sleep() command injection attacks: how not validating your PHP user input can lead to Denial of Service (DoS) attacks against websites and back-end database servers. Simply by putting “
AND sleep(3)” in the address bar… Here is how to put a MySQL server to sleep, happy SQL injection!
Investigating PHP/MySQL sleep() attacks – SQL Injection
The other day I noticed several hung queries (SELECT statements) on one of the MySQL database servers under my control. All hung queries had in common they were running for a very long time. And,
mysqladmin processlist -v showed a
sleep() command in the query.
Given the casing of the MySQL sleep command (“SLeeP”), this was obviously done by an sql injection tool of some kind. I could simply kill the MySQL queries and threads and be done with it, but I wanted to be sure this MySQL sleep() attack couldn’t happen again.
After killing the MySQL threads I took a quick look at the website. Given I had both the executed query and website HTTP log files available for my investigation, I quickly located the vulnerable PHP script.
The vulnerable line of PHP code was:
Code language: PHP (php)
$id = ( isset( $_GET["id"] ) ? $_GET["id"] : 0 );
$id was directly used in a MySQL query.
Did you notice the lack of input validation? As long as
$_GET["id"] is provided in the URL, it’s not set to 0. Through my browsers address bar I can add
%20AND%20sleep(3) to the URL, to make this query hung, on the server for quite some time.
sleep(3) command is executed for every record the query finds. The website’s PHP code doesn’t use prepared statements, I checked.
Because it’s not my PHP code or website, I informed the creator about this vulnerability in his code, and the lack of input validation. Until it’s fixed, I’ll keep a close watch on this website and database. It may not surprise you that I find more and more of these SQL injection and MySQL sleep() attacks lately.
Securing the vulnerable PHP code
In the piece of PHP code above,
$id is easily made more robust and secure by adding
Code language: PHP (php)
(int)$id = ( isset( $_GET["id"] ) ? $_GET["id"] : 0 );
This will make PHP to cast the input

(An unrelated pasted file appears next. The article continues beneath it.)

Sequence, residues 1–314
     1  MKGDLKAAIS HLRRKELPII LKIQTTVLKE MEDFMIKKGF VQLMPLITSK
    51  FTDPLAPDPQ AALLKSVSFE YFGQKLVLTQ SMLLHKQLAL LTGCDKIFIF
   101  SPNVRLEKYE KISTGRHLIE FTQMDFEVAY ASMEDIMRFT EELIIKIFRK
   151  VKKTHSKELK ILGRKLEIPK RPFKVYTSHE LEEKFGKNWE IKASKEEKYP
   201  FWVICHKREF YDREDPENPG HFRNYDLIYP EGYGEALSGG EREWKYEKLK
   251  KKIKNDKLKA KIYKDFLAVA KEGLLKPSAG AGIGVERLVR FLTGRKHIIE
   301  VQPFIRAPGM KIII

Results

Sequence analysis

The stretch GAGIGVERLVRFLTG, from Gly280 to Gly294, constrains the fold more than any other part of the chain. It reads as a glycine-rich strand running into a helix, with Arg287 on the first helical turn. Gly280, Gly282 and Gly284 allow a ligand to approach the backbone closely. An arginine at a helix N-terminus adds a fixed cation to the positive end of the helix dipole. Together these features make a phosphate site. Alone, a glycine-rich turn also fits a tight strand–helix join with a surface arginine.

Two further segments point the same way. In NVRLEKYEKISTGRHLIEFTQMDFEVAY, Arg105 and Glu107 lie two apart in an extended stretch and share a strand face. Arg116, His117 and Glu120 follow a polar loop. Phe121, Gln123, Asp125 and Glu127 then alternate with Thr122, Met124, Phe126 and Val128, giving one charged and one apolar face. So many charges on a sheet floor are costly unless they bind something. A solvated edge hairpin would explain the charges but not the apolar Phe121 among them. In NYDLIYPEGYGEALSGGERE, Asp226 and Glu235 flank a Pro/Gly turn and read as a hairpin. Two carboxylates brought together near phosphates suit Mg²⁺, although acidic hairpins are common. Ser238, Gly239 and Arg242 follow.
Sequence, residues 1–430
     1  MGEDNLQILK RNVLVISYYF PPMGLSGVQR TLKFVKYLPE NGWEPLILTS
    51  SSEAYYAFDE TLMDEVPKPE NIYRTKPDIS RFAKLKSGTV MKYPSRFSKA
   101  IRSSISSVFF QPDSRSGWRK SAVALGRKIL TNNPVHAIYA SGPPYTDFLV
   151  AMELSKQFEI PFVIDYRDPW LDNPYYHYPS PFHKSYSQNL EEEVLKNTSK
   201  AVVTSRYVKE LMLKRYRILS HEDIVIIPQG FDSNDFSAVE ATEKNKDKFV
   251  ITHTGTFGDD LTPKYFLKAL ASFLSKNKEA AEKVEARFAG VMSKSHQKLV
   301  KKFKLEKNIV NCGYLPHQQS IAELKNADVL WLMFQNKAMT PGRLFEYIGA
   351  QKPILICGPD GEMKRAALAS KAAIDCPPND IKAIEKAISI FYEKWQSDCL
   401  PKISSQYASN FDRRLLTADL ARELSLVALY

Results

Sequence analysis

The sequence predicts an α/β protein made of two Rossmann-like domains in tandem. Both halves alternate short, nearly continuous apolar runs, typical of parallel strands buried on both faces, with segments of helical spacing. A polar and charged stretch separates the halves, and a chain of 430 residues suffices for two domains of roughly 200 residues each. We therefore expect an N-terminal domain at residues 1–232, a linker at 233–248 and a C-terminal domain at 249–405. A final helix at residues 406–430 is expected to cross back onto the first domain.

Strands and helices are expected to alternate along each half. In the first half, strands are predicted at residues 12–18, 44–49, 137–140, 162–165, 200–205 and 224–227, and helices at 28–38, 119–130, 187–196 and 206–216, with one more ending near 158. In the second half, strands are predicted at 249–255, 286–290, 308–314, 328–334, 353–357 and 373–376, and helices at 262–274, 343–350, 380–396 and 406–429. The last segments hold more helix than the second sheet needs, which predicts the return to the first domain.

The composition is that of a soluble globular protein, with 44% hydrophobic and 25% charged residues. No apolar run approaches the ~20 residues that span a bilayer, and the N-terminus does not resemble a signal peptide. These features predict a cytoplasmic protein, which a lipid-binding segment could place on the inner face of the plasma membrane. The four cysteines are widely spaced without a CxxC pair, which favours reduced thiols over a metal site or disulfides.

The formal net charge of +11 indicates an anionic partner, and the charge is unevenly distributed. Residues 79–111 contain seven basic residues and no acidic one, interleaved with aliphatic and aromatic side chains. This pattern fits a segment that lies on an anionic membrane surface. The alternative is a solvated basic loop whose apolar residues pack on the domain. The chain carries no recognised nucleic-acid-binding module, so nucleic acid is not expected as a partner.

$_GET["id"] value into an integer, this is called Type Juggling or Type Casting. The name of the desired type is written in parentheses before the variable which is to be cast. Of course the customer using this code needs to update the PHP functions to use MySQLi or PDO, e.g. migrate from mysql_connect to mysqli_connect.
And further is the use of Prepared Statements and/or Stored Procedures important.
Kill multiple MySQL threads at once
Protip: If you need to kill multiple connection threads in MySQL, you can use the following command to generated a comma separated list of connection id’s and kill them with
Code language: Bash (bash)
mysqladmin processlist | grep database_name | cut -d '|' -f 2 | xargs | tr ' ' ',' mysqladmin kill [your comma separated list of Id's: 1, 2, 3, 6, 77]
This uses mysqladmin and some bash commands to built a comma separated list of connection ID’s, that you can copy and paste into mysqladmin kill.
Or you can kill all threads using mysql’s command interface and a query:
Code language: SQL (Structured Query Language) (sql)
MariaDB [(none)]> select concat('KILL ',id,';') from information_schema.processlist where user='user'; +------------------------+ | concat('KILL ',id,';') | +------------------------+ | KILL 3763; | +------------------------+ 1 row in set (0.00 sec) MariaDB [(none)]> select concat('KILL ',id,';') from information_schema.processlist where user='user' into outfile '/tmp/a.txt'; Query OK, 1 rows affected (0.00 sec) MariaDB [(none)]> source /tmp/a.txt; Query OK, 0 rows affected (0.00 sec) -- kill queries running longer than 600 seconds: -- select group_concat(concat('KILL ',id,';') separator ' ') from information_schema.processlist where Time > 600 order by Time ASC;
(thank you mysqlperformanceblog.com for this query)
MySQL sleep() injection attacks, the conclusion
This post showed you the importance of validating user supplied input. The lack of input validation (Dutch article) not only makes your website vulnerable to SQL injection attacks (Dutch article) or Cross Site Scripting (XSS – Dutch article), but may also make your web server and/or MySQL database server unresponsive due to these MySQL
sleep() command injections.
This’ll disrupt the service, not only for your website, but for all users on the same web server and MySQL database server. Especially when a new MySQL vulnerability is found that crashes the MySQL service, like MySQL DoS in the Procedure Analyse Function – CVE-2015-4870.
You wouldn’t want to be the one who crashed aan entire database server just because you didn’t validate user supplied input, now would you?